Dear Sweet Cubby

…the one who humbles himself will be exalted.
From Luke 18:14

At a recent gathering with my sisters, I lamented the closing of a once favorite restaurant. Though the food was wonderful and the atmosphere was welcoming, the owner was even more so. We chose this eatery often, especially when we had our mom with us. You see, that owner was Ron Santo and our mom was a fan.

It was around 5:00 when we arrived that evening so long ago. On the way into the restaurant, our mom wondered aloud if Ron Santo would be there. As it happened, the Cubs’ famed third baseman made one of his frequent appearances to mingle with his patrons that night. When Mom saw him, she flew out of her chair to greet him. Ron Santo graciously shook her hand. Unfortunately for him, our mom didn’t let go. She pulled the poor man to our table. “You have to meet my five daughters,” she insisted.

Mr. Santo never stopped smiling as our mom dragged him along. When they arrived at our table, we apologized for our mom’s enthusiasm, but he would have none of it. Ron Santo looked at us and said, “Well, you sure have beautiful daughters, just like their mother!” He chatted with us for several minutes, gave our mom a hug and then went on his way. When we left the restaurant, Mr. Santo made a point of saying good-bye to Mom. Though this beloved Cubby is remembered for so much more, I’ll never forget his kindness to our mom.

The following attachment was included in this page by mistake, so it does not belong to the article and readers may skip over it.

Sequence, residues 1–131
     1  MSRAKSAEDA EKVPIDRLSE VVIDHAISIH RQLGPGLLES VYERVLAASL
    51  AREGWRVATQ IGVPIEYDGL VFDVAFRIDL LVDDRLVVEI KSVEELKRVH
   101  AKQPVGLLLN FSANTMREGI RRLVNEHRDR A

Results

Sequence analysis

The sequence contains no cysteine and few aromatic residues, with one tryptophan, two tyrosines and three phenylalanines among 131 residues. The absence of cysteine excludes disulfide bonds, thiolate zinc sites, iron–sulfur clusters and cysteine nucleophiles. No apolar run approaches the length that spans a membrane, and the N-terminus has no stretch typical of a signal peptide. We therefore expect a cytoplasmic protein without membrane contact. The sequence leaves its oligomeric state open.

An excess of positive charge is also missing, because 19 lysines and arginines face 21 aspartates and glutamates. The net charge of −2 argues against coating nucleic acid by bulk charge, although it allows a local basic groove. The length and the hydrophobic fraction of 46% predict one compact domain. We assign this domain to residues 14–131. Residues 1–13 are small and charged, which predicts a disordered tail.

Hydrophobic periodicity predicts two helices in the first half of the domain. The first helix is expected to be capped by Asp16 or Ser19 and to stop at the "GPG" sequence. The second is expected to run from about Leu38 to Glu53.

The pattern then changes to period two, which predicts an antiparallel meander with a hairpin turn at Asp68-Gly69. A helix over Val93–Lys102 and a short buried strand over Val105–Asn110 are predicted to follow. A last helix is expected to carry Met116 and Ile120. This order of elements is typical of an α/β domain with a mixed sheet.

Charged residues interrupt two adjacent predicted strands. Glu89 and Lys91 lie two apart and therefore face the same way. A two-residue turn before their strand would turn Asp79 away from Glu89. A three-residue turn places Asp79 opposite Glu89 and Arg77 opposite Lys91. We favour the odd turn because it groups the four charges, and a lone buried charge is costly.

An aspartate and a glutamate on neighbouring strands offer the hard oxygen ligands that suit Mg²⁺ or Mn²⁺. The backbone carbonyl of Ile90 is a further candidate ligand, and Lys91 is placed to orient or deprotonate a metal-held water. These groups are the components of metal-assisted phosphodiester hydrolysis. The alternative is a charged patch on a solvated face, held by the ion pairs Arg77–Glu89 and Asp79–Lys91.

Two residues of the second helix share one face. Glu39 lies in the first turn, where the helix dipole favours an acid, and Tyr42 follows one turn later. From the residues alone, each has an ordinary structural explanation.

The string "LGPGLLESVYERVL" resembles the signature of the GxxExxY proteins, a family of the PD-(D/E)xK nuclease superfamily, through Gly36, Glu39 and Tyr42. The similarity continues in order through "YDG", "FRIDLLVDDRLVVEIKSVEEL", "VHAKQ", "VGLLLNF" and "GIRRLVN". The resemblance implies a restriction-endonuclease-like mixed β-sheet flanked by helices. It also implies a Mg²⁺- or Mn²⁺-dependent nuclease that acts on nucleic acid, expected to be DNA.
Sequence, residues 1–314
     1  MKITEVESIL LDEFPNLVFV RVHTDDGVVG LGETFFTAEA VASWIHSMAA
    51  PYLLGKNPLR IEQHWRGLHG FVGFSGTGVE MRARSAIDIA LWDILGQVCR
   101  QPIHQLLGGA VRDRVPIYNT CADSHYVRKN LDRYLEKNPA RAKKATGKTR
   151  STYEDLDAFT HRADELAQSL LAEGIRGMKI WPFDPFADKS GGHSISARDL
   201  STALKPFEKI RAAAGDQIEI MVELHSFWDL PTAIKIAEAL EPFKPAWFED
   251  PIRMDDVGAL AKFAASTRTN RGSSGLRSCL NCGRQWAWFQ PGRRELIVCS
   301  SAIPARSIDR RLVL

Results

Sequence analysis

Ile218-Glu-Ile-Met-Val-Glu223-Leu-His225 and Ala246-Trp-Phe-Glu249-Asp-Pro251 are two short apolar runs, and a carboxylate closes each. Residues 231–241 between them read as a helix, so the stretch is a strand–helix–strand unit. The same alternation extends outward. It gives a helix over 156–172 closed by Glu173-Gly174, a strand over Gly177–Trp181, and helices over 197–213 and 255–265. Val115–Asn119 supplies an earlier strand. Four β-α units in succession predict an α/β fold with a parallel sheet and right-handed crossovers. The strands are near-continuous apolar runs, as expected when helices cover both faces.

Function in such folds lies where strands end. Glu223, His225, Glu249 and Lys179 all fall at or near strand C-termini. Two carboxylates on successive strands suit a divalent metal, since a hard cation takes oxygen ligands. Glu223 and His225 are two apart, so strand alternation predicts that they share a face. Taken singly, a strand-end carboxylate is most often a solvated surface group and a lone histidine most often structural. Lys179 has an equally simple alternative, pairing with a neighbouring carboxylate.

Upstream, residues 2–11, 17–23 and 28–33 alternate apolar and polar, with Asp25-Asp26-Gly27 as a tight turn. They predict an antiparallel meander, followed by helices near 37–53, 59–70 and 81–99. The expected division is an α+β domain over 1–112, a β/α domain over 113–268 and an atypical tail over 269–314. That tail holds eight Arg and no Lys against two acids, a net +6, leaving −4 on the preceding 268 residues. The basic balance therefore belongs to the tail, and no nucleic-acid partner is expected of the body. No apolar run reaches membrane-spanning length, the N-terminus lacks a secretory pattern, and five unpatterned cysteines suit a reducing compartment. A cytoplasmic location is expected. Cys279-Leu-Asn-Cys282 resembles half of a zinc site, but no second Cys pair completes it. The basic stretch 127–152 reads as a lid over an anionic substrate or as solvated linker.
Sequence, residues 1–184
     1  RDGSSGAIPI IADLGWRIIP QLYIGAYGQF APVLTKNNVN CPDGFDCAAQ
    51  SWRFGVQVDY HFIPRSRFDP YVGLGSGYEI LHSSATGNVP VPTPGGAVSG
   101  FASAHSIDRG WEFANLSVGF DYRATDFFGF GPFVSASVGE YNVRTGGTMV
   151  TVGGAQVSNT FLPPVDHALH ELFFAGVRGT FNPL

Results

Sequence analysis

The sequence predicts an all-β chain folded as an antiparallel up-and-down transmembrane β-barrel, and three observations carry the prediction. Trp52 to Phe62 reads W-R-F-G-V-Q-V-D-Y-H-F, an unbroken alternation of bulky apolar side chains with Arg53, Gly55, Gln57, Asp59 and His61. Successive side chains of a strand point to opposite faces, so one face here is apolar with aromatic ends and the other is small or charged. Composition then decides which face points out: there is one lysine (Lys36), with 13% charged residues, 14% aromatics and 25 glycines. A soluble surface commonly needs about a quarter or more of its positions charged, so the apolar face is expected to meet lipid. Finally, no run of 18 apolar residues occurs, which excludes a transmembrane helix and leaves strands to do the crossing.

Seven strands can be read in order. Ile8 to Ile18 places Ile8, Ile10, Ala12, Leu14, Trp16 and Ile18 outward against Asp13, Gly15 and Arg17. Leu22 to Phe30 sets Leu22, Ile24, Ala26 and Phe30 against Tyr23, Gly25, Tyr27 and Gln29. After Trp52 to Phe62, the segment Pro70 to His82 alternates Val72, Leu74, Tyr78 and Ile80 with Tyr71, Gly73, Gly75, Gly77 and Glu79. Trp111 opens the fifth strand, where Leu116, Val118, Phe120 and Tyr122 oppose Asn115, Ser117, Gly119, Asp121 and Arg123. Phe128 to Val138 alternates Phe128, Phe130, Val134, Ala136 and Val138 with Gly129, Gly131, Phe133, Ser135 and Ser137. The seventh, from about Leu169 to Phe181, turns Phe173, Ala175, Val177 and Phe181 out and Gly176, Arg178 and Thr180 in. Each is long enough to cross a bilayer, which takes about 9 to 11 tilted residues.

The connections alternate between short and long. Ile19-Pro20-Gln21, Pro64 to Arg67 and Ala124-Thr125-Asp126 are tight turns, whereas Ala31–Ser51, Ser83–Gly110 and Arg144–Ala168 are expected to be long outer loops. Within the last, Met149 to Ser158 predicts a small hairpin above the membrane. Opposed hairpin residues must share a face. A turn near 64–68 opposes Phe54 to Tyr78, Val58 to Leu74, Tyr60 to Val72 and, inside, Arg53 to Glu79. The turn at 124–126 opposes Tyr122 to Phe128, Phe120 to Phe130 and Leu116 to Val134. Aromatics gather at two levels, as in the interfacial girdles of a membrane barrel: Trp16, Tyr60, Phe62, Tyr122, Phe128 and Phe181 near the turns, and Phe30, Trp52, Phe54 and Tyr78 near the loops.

Loving God, help me always to appreciate the good people who grace my life.

©2018 Mary Penich – All Rights Reserved

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Reveal God’s Love

“The works that I’ve given to accomplish,
these works that I perform testify on my behalf
that God has sent me.”

From John 5:36

For just a little while, I’m once again citing my childhood impatience with some of Jesus’ contemporaries. As a pre-teen (I think I’d be a “tween” today), it seemed obvious to me that Jesus’ lessons, parables and works had to have come from a loving God. I wondered often why it was so difficult for the Pharisees to accept the same. They knew that Israel had awaited the Messiah for some time by then. They knew better than the rest of the people the Messiah’s origins and the circumstances of his eventual arrival. Still, they rejected Jesus.